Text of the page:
Legislation to Decriminalize Psilocybin Mushrooms in the Works
Node Smith, ND
Earlier this month, advocates for the use of psychedelic mushrooms were given the okay to put an initiative before Denver voters to decriminalize magic mushrooms in the city.
First time psilocybin decriminalization has been voted on by U.S. voters
The Denver Psilocybin Mushroom Decriminalization Initiative is meant to ask voters in Denver to approve a city ordinance that could make the possession of psilocybin mushrooms legal for adults 21 years or older. There currently is no weight limit specified in the initiative, and it would also make growing these mushrooms legal. The law would not legalize retail sales.
Psilocybin mushrooms, often referred to as “magic mushrooms,” are gaining traction in the medical world for use in PTSD, depression, anxiety and other mental health issues. The mushrooms produce strong and profound psychedelic effects including hallucinations.
Denver’s Elections Division validated the signatures turned in by the initiative campaign, stating that the number of valid signatures was enough to place the initiative on the ballot for the May 7 municipal vote. This will be the first time psilocybin decriminalization has been voted on by U.S. voters.
The absence of a weight limit is an intentional aspect of the measure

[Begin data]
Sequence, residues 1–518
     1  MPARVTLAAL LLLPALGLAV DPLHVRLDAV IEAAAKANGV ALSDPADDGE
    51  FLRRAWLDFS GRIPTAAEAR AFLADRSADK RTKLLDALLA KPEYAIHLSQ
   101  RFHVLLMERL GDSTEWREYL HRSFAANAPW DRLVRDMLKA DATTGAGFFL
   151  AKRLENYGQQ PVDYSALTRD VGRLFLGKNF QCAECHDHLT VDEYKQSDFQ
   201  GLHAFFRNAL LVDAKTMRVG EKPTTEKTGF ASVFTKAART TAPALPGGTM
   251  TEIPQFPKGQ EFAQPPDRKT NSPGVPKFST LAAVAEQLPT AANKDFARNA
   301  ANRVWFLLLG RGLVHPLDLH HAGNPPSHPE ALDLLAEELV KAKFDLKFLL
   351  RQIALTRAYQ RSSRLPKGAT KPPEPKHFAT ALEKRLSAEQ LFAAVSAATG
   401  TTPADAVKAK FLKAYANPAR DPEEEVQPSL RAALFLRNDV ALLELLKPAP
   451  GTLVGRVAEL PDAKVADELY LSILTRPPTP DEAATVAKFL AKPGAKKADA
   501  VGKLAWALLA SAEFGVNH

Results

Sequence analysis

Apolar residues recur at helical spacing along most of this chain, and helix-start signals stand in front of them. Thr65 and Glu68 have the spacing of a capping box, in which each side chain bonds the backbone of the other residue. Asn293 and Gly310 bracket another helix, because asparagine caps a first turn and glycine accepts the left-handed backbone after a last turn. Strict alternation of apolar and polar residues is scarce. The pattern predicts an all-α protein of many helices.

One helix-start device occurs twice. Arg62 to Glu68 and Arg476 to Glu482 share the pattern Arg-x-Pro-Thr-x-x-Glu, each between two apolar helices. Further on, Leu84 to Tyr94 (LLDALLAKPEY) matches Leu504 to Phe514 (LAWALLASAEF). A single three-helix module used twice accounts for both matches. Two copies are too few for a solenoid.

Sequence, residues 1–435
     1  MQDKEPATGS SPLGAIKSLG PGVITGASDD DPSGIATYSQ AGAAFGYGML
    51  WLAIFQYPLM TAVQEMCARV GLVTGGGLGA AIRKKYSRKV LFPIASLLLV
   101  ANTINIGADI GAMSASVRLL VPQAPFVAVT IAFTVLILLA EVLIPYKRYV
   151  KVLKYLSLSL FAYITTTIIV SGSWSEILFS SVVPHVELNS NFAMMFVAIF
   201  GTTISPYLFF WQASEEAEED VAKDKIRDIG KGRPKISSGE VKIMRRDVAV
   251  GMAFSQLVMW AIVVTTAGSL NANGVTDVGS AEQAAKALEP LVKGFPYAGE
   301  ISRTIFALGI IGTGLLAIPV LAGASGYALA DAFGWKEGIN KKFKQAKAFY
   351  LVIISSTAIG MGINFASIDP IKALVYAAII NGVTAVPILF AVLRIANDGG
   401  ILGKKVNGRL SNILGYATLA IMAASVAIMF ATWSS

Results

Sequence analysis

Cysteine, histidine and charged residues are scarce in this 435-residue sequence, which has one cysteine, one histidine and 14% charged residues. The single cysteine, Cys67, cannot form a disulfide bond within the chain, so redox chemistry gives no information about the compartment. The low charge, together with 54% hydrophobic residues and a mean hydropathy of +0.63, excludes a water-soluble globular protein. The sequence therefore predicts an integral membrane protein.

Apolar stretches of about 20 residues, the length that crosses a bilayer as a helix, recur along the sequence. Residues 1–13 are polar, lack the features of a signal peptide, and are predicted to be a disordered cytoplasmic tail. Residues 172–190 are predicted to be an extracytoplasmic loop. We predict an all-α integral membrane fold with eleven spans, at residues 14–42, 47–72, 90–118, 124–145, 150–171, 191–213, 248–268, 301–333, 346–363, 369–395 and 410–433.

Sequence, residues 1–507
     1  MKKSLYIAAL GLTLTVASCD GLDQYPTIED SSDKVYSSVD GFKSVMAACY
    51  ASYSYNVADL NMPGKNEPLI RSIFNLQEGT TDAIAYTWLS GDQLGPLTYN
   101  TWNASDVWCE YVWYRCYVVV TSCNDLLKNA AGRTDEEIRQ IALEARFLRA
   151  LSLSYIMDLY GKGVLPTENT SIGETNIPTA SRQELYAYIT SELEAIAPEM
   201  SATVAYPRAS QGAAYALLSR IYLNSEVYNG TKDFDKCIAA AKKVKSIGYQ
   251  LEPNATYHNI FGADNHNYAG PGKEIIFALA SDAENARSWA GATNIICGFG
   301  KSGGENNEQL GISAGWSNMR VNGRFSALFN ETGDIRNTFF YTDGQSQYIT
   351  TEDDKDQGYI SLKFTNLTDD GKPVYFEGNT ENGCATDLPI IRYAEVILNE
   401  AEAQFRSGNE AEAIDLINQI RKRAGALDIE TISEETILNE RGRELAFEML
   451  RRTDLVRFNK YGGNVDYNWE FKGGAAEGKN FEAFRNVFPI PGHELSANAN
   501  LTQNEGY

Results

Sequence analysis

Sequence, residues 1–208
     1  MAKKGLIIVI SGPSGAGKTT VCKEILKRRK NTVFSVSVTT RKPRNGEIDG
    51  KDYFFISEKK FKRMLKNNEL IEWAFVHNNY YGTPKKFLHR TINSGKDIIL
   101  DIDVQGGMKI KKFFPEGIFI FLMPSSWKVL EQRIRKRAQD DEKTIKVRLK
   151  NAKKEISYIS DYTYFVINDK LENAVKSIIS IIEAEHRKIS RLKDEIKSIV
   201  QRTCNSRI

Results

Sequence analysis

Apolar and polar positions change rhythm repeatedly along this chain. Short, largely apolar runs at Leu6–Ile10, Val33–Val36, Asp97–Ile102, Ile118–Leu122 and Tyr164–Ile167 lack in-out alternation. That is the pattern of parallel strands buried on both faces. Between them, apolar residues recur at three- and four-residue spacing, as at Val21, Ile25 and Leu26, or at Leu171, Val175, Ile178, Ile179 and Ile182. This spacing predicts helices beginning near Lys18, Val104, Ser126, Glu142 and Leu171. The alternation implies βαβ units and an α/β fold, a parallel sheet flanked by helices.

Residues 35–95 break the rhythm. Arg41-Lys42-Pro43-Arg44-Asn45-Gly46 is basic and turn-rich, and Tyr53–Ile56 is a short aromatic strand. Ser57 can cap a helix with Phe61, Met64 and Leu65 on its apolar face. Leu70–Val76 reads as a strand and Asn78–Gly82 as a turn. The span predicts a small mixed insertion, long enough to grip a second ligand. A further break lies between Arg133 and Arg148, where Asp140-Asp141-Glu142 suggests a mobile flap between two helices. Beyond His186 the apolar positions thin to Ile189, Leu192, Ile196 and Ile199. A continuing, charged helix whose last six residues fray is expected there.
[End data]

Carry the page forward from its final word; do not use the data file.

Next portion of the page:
The long-term goals of the campaign seem to be to educate the public about the drug and also stop the burden on the legal system for its use. “I don’t foresee a recreational cannabis model in the near future,” Kevin Matthews, the campaign director said.
The initiative would end criminal charges for the use and possession of psilocybin mushrooms, but would not allow for retail sales of the drug. The absence of a weight limit is actually an intentional aspect of the measure addressing the wide variance of mushroom weight from its living state as a heavy and wet fungus to is relatively light dry state as a consumable drug.
Matthews says he’s moving forward with a clear mind and plans a long-term education and research strategy that includes a mayoral panel empowered by the initiative and tasked with reviewing its impacts.
“This is going to be a work in progress,” he said.
Node Smith, ND, is a naturopathic physician in Humboldt, Saskatchewan and associate editor and continuing education director for NDNR. His mission is serving relationships that support the process of transformation, and that ultimately lead to healthier people, businesses and communities. His primary therapeutic tools include counselling, homeopathy, diet and the use of cold water combined with exercise. Node considers health to be a reflection of the relationships a person or a business has with themselves, with God and with those around them. In order to cure disease and to heal, these relationships must be specifically considered. Node has worked intimately with many groups and organizations within the naturopathic profession, and helped found the non-profit, Association for Naturopathic Revitalization (ANR), which works to promote and facilitate experiential education in vitalism.
Node Smith graduated from the National University of Natural Medicine (NUNM) in 2017, and is currently licensed as a naturopathic physician in Oregon and working towards becoming licensed in Saskatchewan, Canada as well.